Red Cross Favors Amending Blood Donation Policy by Gay and Bisexual Men
August 10, 2012 -- The American Red Cross is reporting a shortage of blood donations nationwide, with a local chapter campaigning aggressively to get more people in to give.
It's not uncommon for donations to dip below baseline during the summer months, said Daphne Mathew, communications manager for the Pacific Northwest Blood Services department of the American Red Cross.
The Red Cross monitors how much blood it receives in donations daily, and compares those numbers with its baseline needs – about 1,000 units of blood per week – to determine whether it has a shortage, Mathew said. The baseline goes up during natural disasters or other large-scale emergencies when blood banks calculate that they’ll need a larger supply.
One reason is that school is out of session: high school and college students give about 20 percent of blood donated during drives and at fixed donor locations, Mathew said.
Summer travel also typically has an effect, and so can the timing of holidays: the fact that the fourth of July fell during midweek this year also threw many people's schedules off enough to affect their donation patterns – and so did last week's heat wave.
“Oregonians always come out when we ask,” Mathew said. “They're great. They heed the call.” But when weather conditions make it inconvenient or uncomfortable to get to a donation site, donations do
go down. In fact, the Oregon Trail Chapter of the Red Cross saw a 30 percent spike in donations after launching an advertising and media campaign to get more people in to donate. During last week's heat wave, donations began to dip again.
In addition to the current campaign -- which says if three more people attend every drive the Red Cross hosts in August, the shortage will end – Mathew said the Red Cross is working on a long term public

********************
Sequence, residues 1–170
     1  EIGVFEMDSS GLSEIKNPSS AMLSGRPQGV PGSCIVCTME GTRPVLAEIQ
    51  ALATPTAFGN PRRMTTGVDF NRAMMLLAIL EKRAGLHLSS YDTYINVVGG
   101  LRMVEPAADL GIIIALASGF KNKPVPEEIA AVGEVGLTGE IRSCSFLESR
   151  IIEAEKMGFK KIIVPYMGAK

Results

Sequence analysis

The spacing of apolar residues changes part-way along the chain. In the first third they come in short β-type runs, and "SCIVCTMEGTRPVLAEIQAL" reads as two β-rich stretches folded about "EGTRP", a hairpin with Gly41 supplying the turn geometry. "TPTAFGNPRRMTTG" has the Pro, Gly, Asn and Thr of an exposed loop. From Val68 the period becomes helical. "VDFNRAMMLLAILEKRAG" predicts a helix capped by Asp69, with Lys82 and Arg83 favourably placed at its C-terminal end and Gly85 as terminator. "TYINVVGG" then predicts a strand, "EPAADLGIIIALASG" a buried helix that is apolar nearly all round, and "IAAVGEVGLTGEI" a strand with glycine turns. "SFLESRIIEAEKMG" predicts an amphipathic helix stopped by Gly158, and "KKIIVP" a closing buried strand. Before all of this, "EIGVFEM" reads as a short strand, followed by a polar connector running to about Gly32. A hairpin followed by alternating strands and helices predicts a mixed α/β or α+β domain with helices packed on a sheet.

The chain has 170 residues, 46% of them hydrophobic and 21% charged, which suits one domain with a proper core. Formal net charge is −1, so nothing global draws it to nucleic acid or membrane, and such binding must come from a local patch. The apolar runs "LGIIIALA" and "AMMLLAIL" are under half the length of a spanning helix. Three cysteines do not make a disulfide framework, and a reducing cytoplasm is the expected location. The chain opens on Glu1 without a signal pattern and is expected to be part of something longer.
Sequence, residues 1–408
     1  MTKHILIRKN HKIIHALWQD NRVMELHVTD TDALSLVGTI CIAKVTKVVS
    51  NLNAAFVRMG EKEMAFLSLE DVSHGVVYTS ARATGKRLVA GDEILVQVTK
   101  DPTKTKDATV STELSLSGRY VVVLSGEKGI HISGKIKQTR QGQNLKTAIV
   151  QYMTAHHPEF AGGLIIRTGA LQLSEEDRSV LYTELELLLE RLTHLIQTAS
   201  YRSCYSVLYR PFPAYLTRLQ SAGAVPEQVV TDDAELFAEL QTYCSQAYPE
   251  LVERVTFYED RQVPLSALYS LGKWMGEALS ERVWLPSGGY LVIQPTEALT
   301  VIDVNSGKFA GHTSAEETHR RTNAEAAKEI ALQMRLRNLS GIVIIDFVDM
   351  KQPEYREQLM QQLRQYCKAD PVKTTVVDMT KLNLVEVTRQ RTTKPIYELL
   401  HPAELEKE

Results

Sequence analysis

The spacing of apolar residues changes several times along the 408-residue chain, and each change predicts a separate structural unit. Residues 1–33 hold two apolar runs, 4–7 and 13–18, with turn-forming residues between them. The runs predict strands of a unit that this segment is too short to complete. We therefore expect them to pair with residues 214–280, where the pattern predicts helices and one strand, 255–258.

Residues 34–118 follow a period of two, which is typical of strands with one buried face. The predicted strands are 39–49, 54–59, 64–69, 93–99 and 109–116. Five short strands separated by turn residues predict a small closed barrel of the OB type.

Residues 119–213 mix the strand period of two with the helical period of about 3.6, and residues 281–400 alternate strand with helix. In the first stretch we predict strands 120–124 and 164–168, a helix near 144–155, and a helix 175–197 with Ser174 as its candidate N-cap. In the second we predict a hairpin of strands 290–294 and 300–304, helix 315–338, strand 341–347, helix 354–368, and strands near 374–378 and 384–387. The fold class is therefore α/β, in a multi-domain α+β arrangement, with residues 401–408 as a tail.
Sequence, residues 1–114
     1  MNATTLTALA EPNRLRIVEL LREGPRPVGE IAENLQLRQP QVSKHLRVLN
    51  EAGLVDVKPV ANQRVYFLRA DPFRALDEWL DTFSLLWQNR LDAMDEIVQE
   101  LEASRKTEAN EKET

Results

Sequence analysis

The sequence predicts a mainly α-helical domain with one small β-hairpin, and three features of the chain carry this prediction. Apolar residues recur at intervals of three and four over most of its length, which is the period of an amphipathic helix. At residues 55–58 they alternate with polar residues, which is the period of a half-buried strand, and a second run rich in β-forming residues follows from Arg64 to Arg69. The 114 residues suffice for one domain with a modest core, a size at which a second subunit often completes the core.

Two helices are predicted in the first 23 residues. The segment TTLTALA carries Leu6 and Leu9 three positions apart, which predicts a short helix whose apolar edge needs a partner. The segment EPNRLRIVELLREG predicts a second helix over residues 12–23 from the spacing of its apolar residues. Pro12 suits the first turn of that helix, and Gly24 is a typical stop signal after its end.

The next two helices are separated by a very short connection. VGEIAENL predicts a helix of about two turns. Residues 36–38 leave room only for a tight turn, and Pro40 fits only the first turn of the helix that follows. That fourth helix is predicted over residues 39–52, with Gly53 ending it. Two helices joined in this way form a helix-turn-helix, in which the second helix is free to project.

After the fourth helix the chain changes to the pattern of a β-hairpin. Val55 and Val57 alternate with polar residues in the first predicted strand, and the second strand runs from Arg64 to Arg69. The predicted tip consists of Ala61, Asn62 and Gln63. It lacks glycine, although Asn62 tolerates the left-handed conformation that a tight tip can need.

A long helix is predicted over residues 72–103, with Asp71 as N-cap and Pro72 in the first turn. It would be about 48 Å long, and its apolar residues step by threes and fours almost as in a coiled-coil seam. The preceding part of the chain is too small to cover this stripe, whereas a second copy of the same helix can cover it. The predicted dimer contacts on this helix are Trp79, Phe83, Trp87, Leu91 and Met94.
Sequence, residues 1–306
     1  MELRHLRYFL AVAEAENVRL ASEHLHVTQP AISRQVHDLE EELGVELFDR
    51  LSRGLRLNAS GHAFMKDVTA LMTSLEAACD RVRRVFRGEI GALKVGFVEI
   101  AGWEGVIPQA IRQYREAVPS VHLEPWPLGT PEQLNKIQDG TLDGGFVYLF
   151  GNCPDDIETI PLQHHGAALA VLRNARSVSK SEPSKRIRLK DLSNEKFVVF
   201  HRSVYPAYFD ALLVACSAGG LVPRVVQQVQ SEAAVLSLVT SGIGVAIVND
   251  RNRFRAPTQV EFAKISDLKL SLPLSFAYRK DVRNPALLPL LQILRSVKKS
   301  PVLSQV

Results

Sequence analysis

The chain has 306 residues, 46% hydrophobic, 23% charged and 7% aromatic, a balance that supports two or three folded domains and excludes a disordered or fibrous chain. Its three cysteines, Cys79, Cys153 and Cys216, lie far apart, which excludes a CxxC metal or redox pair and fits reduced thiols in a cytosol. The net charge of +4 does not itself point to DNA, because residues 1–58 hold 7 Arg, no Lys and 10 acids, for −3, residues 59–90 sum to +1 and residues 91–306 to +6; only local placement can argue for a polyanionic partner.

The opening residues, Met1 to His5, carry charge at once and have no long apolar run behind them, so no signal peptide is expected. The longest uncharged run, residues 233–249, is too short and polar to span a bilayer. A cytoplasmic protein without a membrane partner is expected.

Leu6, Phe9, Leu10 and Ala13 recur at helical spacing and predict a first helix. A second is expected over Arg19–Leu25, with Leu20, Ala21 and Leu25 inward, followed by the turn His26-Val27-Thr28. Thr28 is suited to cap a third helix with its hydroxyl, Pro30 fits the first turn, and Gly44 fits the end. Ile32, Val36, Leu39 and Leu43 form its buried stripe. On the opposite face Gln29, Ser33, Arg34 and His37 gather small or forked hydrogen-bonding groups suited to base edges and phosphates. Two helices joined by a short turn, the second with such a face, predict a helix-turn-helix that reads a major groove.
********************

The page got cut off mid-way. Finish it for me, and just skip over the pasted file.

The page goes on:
appeal to get donors to come in on a consistent basis. On a policy level, the organization is also pushing to increase the number of people who are eligible to donate.
Mathew also said the American Red Cross and the American Association of Blood Banks continue to oppose the Food and Drug Administration's ban on accepting blood donations from men who have sex with men.
The Association of Blood Banks issued a statement in June also asking the FDA to reconsider its position: “AABB supports the use of rational, scientifically-based deferral periods that are applied fairly and consistently among blood donors who engage in activities posing similar risks. AABB maintains its recommendation that FDA amend the indefinite deferral currently in place for a male who has had sex with another male to a 12-month deferral.”
The statement goes on to note that those who report other high-risk sexual behavior (including having sex with an HIV-positive person) also have their donations deferred by 12 months, and argues that the
FDA's policy is not consistent.
“We're definitely behind lifting the ban,” Mathew said, adding that some U.S. senators have also begun to pressure the FDA to lift the ban on blood donation by gay and bisexual men.
TO LEARN MORE:
To find an upcoming blood drive or fixed location donation site in your area, visit http://redcrossblood.org or call 1-800-RED-CROSS.